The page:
When a tool does not have a simple geometry that can easily be printed in vertical or horizontal orientations, or when these orientations result in undesirable surface finish, the tool can be alternatively positioned in the build space to achieve the desired surface finish. Figure 14 demonstrates an orientation where the tool is rotated up at 45 degrees about the Y-axis. A 45 degree orientation yields a better surface finish due to reduced stair-stepping and minimizes the amount of support material needed by utilizing self-supporting angles. This custom orientation will require a stabilizer wall to be added to the back side of the tool to prevent it from tipping over during the building process (stabilizer walls are covered in Section 6.2.1 – Stabilizer Walls). To achieve the on-edge orientation seen in Figure 14, the rotation menu shown in Figure 15 can be used. The X, Y and Z angles displayed are absolute references to the original, imported orientation. To incrementally change the orientation, input the degree change and click the individual axes rotate buttons. Improving surface finish and decreasing build time and material use are the main considerations to review when orientating a part for FDM thermoform tooling.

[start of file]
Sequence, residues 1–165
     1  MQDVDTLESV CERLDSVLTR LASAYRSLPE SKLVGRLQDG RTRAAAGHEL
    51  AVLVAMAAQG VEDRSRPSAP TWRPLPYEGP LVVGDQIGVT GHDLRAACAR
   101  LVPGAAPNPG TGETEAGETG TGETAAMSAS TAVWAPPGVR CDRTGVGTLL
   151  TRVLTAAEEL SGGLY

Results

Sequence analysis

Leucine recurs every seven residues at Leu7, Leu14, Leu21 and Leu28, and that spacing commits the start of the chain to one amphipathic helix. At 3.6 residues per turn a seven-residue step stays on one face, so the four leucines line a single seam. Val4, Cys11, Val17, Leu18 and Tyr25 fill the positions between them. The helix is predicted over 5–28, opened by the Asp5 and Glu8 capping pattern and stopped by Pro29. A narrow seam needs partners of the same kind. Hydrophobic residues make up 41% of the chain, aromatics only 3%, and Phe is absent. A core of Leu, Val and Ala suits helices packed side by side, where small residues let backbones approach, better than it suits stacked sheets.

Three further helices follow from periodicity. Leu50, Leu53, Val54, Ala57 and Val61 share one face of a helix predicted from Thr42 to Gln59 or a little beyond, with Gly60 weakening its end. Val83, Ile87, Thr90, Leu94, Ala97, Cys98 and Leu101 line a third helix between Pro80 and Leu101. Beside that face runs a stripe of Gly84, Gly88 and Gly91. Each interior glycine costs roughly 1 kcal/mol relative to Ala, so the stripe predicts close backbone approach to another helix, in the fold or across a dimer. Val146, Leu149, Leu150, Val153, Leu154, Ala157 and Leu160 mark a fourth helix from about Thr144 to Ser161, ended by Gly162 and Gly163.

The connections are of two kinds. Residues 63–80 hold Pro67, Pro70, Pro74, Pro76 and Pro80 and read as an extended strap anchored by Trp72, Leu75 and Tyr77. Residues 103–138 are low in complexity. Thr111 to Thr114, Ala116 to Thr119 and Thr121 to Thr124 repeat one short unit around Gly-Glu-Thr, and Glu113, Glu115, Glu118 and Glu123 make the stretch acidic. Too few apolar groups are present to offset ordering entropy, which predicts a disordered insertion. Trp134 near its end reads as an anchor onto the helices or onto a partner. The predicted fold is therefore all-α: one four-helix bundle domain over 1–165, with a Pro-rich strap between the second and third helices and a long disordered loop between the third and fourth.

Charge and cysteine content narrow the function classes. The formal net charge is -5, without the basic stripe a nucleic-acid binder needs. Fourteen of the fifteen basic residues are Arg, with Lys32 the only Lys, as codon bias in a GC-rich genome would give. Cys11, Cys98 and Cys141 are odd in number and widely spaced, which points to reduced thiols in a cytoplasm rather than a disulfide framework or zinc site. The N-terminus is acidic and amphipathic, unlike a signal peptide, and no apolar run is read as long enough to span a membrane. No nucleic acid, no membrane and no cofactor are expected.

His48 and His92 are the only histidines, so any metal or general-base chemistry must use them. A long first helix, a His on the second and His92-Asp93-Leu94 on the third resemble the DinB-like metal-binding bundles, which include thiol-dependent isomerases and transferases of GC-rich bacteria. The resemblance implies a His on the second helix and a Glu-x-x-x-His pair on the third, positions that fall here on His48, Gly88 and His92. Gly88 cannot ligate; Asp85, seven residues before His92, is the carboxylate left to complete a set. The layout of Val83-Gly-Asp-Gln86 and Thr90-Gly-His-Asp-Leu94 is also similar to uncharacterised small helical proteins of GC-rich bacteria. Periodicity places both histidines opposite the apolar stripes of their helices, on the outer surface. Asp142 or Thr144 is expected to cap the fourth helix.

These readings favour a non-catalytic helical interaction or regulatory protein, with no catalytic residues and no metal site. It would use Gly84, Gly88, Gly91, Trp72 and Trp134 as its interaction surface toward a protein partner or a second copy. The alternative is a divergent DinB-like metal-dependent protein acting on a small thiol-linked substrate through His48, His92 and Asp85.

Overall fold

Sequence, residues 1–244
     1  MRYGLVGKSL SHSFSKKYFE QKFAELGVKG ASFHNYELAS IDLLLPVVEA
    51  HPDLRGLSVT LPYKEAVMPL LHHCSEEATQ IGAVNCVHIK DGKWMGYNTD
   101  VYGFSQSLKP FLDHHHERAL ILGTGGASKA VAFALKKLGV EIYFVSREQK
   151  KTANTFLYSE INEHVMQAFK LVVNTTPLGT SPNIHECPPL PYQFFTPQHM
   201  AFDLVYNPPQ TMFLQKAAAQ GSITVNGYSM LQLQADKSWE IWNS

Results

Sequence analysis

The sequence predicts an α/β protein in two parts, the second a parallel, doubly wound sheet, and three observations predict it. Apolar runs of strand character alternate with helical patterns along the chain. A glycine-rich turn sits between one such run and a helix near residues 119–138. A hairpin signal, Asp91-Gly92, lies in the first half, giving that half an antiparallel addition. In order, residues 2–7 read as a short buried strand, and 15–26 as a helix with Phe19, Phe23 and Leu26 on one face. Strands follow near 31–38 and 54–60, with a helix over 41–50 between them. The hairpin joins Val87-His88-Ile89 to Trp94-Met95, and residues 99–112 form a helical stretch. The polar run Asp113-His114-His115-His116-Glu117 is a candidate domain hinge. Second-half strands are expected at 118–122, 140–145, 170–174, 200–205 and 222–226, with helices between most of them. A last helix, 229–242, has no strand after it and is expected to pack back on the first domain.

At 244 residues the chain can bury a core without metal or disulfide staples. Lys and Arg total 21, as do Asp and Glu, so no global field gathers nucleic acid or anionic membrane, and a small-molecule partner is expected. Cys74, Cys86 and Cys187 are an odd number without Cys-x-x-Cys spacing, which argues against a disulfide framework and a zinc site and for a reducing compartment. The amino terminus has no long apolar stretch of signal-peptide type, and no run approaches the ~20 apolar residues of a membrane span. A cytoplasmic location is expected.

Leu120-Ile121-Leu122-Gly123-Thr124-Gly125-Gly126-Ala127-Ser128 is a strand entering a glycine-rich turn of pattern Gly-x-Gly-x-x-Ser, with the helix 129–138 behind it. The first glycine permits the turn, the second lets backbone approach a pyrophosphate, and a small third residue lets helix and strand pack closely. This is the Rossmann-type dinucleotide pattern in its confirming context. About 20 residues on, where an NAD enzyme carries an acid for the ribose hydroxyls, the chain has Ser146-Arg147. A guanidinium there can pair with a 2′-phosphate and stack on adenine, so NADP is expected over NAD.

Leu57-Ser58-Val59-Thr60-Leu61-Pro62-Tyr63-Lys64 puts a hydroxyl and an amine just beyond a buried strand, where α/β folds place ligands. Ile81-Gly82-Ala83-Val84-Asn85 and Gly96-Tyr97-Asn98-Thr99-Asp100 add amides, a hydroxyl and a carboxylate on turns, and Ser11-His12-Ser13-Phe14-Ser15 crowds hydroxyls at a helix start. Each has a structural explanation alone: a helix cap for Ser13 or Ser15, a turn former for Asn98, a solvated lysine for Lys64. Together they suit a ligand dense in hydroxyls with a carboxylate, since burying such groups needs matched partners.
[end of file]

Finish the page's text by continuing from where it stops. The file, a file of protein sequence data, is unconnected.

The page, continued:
6.2 Generate supports
Generate supports once the file has been oriented and sliced. Minimizing the amount of support will reduce the build time of the tool. It is also recommended to attempt to reduce or eliminate supports on faces of the tool that will come in contact with the thermoformed part as reduced surface quality occurs at support interfaces of the tool. ULTEM 9085 resin uses a breakaway support material only and PC has the option of either a breakaway or soluble support. Breakaway supports must be removed by hand and design considerations need to be taken to not trap supports in deep cavities, channels or holes. Breakaway support removal is aided by the default support parameters (basic for PC and sparse for ULTEM 9085 resin). The soluble support option for PC dissolves in a detergent bath, which allows for support removal from difficult areas but requires the tool to be dried after support removal as the liquid will collect in the sparse cells of the tool. Default support settings are recommend when generating supports for thermoform tooling.